Dawn Hentges-Lifetouch       
Doug Betti-
Viracon 
Charles Snoddy-MPC               
Ryan Jordan
Anderson Corporation        
Jon Godmare- Independent
Bruce Hartley-
Dalsin


New and Renewing Companies

Thank you to the following members who joined or renewed your membership in the past 30 days!

Acist Medical Systems Inc
Intek Plastics Inc
Kasco Marine
Lifecore Biomedical
Unitron Hearing
IRD Glass
Travel Products Inc.
Replenex
Thymes
Solar Plastics Inc
A Couple of Gurus
Prospect Foundry
Advance Corporation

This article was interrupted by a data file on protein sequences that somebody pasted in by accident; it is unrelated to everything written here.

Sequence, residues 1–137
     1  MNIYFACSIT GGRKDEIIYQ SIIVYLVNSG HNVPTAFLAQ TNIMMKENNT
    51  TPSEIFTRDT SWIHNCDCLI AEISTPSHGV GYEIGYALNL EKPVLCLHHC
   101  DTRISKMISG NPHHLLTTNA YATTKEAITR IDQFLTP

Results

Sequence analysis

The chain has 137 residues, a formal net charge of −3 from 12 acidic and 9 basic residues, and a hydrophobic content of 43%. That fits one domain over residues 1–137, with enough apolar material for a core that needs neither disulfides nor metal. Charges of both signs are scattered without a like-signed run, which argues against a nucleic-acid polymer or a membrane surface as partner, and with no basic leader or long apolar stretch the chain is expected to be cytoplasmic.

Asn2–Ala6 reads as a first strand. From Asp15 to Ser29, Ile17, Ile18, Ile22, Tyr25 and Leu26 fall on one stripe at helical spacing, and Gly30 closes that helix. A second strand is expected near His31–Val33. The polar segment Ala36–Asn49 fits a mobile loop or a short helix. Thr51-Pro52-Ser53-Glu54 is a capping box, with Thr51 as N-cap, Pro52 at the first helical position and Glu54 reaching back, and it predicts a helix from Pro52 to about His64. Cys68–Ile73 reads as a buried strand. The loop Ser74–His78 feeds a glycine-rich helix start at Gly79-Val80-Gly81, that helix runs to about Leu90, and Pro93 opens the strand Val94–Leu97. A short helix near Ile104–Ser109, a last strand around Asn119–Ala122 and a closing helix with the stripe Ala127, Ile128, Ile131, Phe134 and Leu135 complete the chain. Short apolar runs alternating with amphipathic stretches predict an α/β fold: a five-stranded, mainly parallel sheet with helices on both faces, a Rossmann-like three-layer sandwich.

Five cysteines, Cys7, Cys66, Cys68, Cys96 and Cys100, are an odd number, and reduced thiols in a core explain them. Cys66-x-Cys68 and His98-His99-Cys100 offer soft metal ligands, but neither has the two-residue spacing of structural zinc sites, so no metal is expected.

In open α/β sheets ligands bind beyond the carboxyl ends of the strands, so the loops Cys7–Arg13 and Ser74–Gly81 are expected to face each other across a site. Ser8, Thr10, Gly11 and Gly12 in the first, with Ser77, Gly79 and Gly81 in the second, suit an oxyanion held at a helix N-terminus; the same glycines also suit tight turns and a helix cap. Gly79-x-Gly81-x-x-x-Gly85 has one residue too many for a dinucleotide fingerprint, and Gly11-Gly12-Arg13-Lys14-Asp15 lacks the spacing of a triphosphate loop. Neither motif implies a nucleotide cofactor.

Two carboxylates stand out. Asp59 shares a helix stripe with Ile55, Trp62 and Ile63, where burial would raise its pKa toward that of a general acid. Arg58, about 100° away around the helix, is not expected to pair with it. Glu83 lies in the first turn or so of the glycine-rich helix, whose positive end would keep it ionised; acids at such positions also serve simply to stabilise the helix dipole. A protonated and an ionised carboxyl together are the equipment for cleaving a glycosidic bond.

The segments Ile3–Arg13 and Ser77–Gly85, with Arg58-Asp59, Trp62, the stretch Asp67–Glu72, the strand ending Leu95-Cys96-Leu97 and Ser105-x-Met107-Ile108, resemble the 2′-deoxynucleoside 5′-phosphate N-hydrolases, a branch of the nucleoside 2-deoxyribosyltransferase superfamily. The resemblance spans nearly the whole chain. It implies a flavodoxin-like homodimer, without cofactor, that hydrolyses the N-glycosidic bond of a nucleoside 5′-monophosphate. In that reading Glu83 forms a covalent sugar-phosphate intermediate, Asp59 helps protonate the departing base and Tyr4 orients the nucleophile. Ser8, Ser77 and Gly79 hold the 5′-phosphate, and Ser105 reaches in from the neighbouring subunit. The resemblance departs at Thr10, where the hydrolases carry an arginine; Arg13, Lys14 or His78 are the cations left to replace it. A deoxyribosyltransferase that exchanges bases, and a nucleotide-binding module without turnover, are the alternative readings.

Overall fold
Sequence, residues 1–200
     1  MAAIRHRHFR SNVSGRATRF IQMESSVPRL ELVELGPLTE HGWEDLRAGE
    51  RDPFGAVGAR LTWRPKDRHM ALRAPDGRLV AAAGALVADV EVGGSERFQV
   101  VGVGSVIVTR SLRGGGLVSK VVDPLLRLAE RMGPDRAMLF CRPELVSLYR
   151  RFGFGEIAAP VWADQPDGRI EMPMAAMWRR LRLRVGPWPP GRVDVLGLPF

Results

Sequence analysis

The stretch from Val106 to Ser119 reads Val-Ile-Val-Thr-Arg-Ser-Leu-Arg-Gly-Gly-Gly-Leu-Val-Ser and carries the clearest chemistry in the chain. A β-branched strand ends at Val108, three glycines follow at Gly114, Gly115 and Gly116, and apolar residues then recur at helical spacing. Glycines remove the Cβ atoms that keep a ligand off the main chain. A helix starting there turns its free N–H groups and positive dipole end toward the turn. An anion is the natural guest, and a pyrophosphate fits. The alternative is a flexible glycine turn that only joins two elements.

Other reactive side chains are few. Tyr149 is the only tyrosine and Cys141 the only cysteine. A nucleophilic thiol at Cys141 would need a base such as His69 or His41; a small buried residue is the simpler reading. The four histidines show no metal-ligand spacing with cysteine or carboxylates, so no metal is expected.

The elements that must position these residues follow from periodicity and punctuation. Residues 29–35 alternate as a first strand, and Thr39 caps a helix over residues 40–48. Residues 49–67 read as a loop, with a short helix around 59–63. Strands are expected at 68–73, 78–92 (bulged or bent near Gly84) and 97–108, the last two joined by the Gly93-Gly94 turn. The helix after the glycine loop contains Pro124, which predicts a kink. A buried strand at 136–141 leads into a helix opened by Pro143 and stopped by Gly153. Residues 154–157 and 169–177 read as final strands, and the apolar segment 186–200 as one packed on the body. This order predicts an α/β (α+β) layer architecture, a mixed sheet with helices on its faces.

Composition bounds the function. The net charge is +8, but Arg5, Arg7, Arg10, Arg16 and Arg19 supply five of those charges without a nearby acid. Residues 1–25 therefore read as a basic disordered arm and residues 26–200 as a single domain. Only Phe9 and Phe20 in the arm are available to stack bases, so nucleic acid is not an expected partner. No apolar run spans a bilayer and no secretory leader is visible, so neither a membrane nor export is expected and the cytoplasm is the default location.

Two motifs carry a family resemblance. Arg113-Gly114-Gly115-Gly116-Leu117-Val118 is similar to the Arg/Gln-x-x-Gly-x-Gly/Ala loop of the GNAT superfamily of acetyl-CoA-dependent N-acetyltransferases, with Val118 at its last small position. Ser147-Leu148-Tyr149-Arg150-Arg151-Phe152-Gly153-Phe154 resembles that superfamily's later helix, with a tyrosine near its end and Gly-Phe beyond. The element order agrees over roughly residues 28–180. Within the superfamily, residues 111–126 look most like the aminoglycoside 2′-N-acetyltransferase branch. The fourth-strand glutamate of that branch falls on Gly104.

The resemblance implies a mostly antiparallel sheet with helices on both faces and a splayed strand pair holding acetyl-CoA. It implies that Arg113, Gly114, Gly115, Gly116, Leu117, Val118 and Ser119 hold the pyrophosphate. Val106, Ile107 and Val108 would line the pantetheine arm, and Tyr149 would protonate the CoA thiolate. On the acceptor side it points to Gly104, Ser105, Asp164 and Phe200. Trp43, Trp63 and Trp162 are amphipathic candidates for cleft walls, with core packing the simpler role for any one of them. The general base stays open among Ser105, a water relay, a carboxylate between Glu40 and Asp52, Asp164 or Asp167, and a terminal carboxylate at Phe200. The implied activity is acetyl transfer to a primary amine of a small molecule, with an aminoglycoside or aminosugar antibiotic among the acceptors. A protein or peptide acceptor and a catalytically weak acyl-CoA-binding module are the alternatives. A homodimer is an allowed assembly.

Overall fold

USP Structural
Powermation
Saint Paul Stamp
Burns Engineering Inc
Midwest Group One
Douglas Metal
Ostbye & Anderson
Dynamic Group
MGS Machine Corp
ICA Corporation
Amesbury Group Inc.
Bermo Inc
Western Graphics
Miller Manufacturing
Packnet Ltd
Lake Air Metal
U.S Bank
Industrial Door Co Inc
Ironwood Electronics
North Anoka Control S
Plymouth Industries
TSI Incorporated
Robinson Rubber
Midwest Rubber
Thomson Reuters
Le Sueur Incorporated
Satellite Industries Inc
Lowell Inc
Uponor
Cold Spring Granite Co
Andersen Corporation
ProMed Molded
Carl Zeiss Industrial
Quality Ingredients
Johnson Screens Inc
Air Quality Engineering
AbelConn LLC
RMS Co
DRI-STEEM


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Article Index

Effective Total Rewards Programs
Article by: Debra Englund